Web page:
Photograph by Eli Joshua Ade/HBO

{Television Review} Lovecraft Country Makes Good Source Material Brilliant

When I read Lovecraft Country by Matt Ruff a few years ago I thought two things. The first being that the book was written like a miniseries. It almost felt episodic. It felt then like a fully formed treatment for television. The second thought was a bit more complicated. Matt Ruff is a white guy. Lovecraft Country is written as a discourse on race in the time of Jim Crow and how it might marry with the racist subtext of H.P. Lovecraft’s horror fiction all from the perspective of African American characters. That complicates how the story is framed and considered. That complication is not bad at all. I loved the book. Ruff creates a world and characters that exist in this racist world while being influenced by the fantasy of the story. However, those complications have always lingered for me.

When HBO optioned the book to make a miniseries my hope is that they would find a way to deal with that complication. That the producers would combine Ruff’s brilliant prose with the real lived experiences of people of color. The folks at HBO figured out a way to do just that. Lovecraft Country on HBO simplifies some of those complications while creating even more. They hired Misha Green as a showrunner and Jordan Peele as a creative producer. The voices of color drive this show and add critical authenticity to the urgent messages the show promotes. With Lovecraft Country the show we get all of Ruff’s creativity all from the unique perspectives of the African American artists working on the project. The show is even better than the source material.

I was only allowed a glimpse at the first six episodes, but in the very first episode we are introduced to our main characters Atticus (Jonathan Majors), Letitia Dandridge (Jurnee Smollett), and George (Courtney B. Vance) as they head off across the country in search of Atticus’s father Montrose who has gone missing. The characters are uniquely prepared for this journey as this group has helped create the green book, a book full of travel advice for African Americans as they navigate the racist Jim Crow south and midwest. They are headed to Ardham (soooo close in spelling to the famous Lovecraft town of Arkham) which is the last time anyone has seen Montrose. In the first episode we meet evils of the tentacled kind but the true evil lies in the police who often work in tandem with the racist residents of the various towns the trio drives through. That is the beauty of why the show works as well as it does. The fear of racism is always a current of the show. It drives everything else. It is Diablo Ex Machina that exists just to make sure the urgency and stakes remain high.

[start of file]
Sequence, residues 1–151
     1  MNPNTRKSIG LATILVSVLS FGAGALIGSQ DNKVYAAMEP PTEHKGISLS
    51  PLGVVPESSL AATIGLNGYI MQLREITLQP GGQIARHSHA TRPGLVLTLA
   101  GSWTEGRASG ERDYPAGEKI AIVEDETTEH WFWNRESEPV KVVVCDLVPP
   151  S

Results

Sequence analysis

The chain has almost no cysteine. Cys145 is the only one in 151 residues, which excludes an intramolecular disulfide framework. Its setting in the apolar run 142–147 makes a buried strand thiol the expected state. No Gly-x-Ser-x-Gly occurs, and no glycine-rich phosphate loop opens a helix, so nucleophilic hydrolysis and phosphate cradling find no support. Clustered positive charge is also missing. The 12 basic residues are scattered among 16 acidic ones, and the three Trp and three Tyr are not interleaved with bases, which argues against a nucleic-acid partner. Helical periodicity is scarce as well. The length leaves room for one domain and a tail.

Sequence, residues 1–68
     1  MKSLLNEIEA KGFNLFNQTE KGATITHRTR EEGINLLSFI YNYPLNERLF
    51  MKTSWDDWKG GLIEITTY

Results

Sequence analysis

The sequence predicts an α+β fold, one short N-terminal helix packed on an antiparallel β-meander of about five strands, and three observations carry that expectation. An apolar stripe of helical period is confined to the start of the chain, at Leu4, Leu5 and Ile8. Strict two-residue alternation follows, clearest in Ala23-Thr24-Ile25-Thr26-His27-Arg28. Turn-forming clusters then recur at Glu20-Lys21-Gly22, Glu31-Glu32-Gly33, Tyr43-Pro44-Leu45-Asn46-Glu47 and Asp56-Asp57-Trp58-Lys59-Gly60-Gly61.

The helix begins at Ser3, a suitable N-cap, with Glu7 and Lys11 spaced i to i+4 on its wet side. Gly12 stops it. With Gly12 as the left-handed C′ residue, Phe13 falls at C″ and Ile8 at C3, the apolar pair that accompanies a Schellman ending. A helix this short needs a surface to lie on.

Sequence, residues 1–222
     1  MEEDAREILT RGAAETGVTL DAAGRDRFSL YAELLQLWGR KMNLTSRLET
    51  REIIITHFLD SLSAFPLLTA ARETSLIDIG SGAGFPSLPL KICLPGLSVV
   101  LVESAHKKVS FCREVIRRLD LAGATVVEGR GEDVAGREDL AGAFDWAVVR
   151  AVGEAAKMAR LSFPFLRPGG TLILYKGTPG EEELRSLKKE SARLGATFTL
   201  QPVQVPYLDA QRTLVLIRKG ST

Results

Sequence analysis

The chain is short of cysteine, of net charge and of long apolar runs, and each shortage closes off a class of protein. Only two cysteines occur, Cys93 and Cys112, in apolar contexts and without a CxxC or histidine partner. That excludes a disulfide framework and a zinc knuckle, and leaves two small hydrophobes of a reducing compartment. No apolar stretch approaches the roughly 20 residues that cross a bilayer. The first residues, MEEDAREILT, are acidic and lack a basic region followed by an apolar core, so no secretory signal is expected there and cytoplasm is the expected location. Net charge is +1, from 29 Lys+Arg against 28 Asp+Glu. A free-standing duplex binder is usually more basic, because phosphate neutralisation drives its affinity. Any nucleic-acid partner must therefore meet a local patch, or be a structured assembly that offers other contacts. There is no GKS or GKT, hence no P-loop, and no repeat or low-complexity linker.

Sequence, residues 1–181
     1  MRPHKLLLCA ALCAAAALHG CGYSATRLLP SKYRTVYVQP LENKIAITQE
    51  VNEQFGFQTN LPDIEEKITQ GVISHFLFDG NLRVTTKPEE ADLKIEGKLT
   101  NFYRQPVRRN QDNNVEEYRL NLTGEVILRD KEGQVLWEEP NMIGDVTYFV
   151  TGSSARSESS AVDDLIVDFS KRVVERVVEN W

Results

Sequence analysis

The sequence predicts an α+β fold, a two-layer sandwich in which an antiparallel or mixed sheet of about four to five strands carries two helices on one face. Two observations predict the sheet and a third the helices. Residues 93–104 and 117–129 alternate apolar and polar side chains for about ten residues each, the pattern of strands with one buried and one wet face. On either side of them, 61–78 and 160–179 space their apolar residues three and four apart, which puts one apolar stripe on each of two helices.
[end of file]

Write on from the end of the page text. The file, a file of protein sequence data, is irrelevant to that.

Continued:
Photograph by Elizabeth Morris/HBO

The cast is perfect. Majors shines as a deeply loyal son that is still grappling from the psychological damage the war has caused (you get a brief moment at the beginning of the first episode that mashes his experiences with the war with his love of science fiction which is perfect, lovely, and terribly haunting. Smullett brings a wry grin and an unbridled confidence to Letitia. She is the engine of the show and chews every scene she is in. If I had any criticism (it is a soft criticism I assure you) it would be that I want more of her. The show and the book are ensemble pieces and there isn’t a weak link in the cast. The white villains are suitable evil (even if they don’t have mustaches to twirl) and unremarkable. The real horror lies within the racist ideology that perpetuates Jim Crow legislation and highlights the DEEPLY problematic ideology espoused by a lot of Lovecraft’s writing.

This show is terrifying. Straight up horrific. The creature work is spot on and offers a bestiary of different monsters that feel familiar to those of us that grew up reading Weird fiction but are creative enough to capture the imagination of folks that are less familiar with Lovecraftian literature. The show manages to capture the immediacy of THIS moment while offering homage to mid century horror and science fiction. Lovecraft Country is the perfect show for late summary. As we look around and realize that some people do not have our best interests in mind (I see you not wearing your mask) the gang in Lovecraft Country knew it all along.

The first episode premieres August 16th on HBO DO NOT MISS IT.

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